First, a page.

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Off to the wine writers symposium!


I’m off this morning to the Wine Writer’s Symposium at Meadowood where, unlike last year, Mr. Gordon, who runs the show, didn’t ask me to participate in any of the sessions. I’m glad, because I don’t have to stress over presentations, etc., and can wander around freely, checking things out, inspecting the scene, and trying to figure out if this event has legs, which it may or may not have.

I mean, God bless the people who drop a bundle to come to this expensive event, but America has only so many slots for paid wine writers, and whatever that number is, it’s way less than the number of people who pay for multiple nights at Meadowood.

Most of the breakout sessions do not interest me. “Employing Storycraft in Winemaker Profiles, with writing exercise.” “Write Better Opinion Columns and Blog Posts.” “Get Your Book Idea Published.” Been there, done that. What Mr. Bill LeBlond, from Chronicle books, will probably not tell the audience concerning the latter–which I and many others know too well–is that publishing a wine book, hard as it is, may burnish your reputation, but won’t make you any money. And that’s after months and years of effort, which makes writing a wine book earn less than comparable hours working at Taco Bell.

So why am I going? Truthiness: Wine Enthusiast is paying my expenses. Otherwise, I couldn’t justify the cost. I’m enormously grateful to the magazine. I know I’ll have fun and I will try to represent my magazine with dignity.

What do I plan to do? Number one on my list is to to go the presentation that my beloved editor, Susan Kostrzewa, is heading up on “Holy Cow I’m a Freelancer! Now What Do I Do?” Obviously, I don’t need advice on that, but Susan is one of the finest, most morally upright editors I’ve ever worked with, and I want to hear what she has to say. In that audience may be someone who eventually has my job at Wine Enthusiast.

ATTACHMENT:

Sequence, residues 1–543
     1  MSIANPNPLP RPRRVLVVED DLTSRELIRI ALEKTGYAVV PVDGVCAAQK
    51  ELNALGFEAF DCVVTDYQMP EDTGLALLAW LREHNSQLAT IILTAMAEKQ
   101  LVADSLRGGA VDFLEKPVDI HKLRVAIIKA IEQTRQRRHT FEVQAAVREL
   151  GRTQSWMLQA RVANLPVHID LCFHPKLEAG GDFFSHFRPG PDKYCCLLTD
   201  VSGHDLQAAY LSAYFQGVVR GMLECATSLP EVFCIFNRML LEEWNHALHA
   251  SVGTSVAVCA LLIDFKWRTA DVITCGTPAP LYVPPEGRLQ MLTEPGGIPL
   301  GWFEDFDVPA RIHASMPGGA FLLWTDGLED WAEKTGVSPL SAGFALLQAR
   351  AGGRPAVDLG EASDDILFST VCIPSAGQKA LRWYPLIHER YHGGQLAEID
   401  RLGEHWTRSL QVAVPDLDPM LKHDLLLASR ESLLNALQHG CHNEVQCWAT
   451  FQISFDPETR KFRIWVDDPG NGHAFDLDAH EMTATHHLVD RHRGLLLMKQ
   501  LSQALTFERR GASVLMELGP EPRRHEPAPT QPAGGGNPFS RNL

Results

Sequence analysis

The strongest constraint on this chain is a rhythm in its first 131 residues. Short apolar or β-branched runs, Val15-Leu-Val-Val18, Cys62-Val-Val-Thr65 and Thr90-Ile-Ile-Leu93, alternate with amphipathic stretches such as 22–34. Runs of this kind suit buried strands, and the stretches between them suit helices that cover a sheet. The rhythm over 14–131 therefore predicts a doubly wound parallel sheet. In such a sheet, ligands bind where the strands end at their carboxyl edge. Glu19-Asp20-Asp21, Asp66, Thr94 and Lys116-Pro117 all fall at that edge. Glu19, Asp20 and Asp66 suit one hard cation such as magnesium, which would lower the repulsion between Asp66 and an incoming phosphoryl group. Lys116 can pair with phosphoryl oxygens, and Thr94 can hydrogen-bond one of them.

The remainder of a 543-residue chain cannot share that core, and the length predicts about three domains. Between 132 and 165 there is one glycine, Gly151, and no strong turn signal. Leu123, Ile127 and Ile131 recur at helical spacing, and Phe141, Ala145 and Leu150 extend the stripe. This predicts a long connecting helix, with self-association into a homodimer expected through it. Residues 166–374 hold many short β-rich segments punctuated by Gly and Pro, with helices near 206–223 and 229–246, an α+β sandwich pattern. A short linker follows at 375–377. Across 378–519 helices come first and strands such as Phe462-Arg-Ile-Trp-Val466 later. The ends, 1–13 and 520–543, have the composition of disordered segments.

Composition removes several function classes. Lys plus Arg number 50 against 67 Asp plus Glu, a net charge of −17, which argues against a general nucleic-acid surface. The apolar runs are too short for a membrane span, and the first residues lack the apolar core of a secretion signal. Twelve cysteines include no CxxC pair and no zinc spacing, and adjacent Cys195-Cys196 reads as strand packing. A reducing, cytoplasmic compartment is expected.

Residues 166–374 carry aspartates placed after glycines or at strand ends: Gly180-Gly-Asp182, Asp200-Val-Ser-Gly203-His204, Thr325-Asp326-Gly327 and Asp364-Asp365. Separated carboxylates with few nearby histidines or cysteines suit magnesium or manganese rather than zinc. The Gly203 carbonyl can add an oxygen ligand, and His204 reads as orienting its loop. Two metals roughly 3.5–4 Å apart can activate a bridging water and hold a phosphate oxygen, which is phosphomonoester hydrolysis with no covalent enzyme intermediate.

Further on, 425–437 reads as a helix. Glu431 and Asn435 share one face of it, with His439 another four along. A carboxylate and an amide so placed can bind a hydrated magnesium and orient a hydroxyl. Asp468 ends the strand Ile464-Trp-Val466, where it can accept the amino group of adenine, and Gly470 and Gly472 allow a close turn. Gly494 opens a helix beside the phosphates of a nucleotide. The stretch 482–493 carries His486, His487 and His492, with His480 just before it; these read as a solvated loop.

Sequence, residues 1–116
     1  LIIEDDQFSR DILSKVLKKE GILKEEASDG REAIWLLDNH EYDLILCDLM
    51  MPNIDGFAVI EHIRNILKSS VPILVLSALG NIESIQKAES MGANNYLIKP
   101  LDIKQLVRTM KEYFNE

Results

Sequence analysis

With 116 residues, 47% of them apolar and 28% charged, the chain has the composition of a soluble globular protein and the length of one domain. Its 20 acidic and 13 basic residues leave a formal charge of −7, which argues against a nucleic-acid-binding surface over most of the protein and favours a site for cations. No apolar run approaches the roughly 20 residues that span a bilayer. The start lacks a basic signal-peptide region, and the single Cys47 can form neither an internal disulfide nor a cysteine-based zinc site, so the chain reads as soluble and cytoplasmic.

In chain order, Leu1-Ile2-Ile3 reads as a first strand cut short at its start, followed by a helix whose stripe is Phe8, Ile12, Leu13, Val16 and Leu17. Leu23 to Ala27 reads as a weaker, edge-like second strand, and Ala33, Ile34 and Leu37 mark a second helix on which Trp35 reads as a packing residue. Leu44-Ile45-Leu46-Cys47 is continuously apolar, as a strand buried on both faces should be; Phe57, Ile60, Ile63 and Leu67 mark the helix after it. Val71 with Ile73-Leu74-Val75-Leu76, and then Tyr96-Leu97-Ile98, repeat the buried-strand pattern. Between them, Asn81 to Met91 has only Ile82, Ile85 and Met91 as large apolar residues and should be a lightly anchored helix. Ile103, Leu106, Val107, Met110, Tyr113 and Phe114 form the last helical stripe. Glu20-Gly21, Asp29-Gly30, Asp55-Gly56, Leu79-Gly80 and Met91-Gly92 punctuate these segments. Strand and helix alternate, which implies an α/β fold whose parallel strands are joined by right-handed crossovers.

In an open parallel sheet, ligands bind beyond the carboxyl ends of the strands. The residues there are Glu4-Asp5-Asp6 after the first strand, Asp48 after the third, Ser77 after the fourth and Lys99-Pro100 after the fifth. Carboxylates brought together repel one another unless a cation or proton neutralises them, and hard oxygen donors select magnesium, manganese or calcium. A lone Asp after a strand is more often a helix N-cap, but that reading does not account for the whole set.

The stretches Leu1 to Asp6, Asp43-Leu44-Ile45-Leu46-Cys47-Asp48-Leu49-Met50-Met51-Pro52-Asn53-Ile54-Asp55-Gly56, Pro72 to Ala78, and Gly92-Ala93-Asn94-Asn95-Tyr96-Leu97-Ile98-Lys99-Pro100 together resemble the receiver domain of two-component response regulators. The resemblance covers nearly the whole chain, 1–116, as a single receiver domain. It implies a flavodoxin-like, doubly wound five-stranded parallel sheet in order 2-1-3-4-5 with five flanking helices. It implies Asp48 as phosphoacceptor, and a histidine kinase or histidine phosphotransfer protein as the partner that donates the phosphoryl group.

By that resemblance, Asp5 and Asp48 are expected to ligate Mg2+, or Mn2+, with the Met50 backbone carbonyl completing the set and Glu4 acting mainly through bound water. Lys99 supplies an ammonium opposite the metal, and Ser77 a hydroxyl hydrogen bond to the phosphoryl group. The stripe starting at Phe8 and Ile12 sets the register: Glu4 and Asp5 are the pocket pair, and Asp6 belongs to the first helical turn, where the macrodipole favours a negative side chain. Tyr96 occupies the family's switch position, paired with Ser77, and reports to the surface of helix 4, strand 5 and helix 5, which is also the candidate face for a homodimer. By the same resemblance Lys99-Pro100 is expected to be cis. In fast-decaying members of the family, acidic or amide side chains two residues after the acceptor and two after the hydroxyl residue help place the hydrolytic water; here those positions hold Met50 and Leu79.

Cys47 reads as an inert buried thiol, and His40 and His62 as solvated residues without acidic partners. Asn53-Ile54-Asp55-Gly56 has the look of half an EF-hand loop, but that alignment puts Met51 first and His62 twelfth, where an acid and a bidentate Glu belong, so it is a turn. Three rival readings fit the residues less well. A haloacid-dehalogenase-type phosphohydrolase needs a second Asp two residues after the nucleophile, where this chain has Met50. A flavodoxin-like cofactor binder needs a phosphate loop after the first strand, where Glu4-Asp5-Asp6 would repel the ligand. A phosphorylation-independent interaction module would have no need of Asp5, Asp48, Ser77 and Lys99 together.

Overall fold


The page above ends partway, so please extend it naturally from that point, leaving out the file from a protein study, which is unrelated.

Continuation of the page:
But that’s the only breakout session I’m looking forward to. Other than that, here’s my schedule, strictly unofficial. I’m going to get together with Joel Aiken, Beaulieu’s former winemaker and such a brilliant protege of Andre Tchelistcheff, to find out what he’s up to. I’m having dinner with the winemaker at Shypoke, Peter Heitz, whose wines have so impressed me. On Thursday, Francoise Peschon, the winemaker at Araujo, has kindly invited me to tour and taste; I mentioned the other day that Araujo’s 2006 Eisele Cabernet, their estate vineyard, was my top pick at the cult Cabernet tasting Jeremy Nickle invited me to.

For me, going to the Wine Writers Symposium is an opportunity to check out what’s happening. I have some concern about protecting the future of wine writing. I don’t want it to fall into the hands of incompetents who by virtue of hitting the “publish” button can send ill-informed nonsense for all the world to see. I’ve been rather heavily sunk down into the Napa Valley scene lately and I suspect there’s a lot of uncertainty how to deal with this brave new world. Does Abreu send their wine to Joe Roberts, or do they continue to depend on the military-industrial complex Eisenhower warned against, of a handful of too-potent influencers who distort reality? These elitist producers do so at their peril. Egypt and Libya are far away from Napa Valley, but eventually kingdoms topple.

Anyway, I’m looking forward to reporting from the front lines of the symposium.

  1. These seem of interest if only for the human spectacle. Glad you champion quality writing though, it shows in your work.

  2. I wish I worked for your employer. My employer won’t pay my way up to Napa so I can sit around and sip expensive wine for three days at a Writers Symposium.

    And when the day comes that Joe Roberts starts getting inundated with $200 cult Napa Cabs, we will know that he has come over to the dark side, and like those people who turned 30 and could no longer be trused, Joe will have become part of the establishment and will therefore get dissed by the very people from whence he came.

    Hurry up, Joe. The military-industrial winewriters complex is waiting for you.

  3. Steve, I can understand your error of “I mean, God bless the people who drop a bundle to come to this expensive event, but America has only so many slots for paid wine writers, and whatever that number is, it’s way less than the number of people who pay for multiple nights at Meadowood.”I think you meant “way fewer” not “way less.” But “truthiness?” Are you sipping too much wine? ☺

  4. Marlene, I hope to make way fewer grammar mistakes in my blog in the future! Thanks.

  5. Marlene Rossman says:

    Steve, I know how hard it is to be grammatical and clever on a daily basis! Speaking as a fellow wine columnist, I will say that your blog rocks!!!

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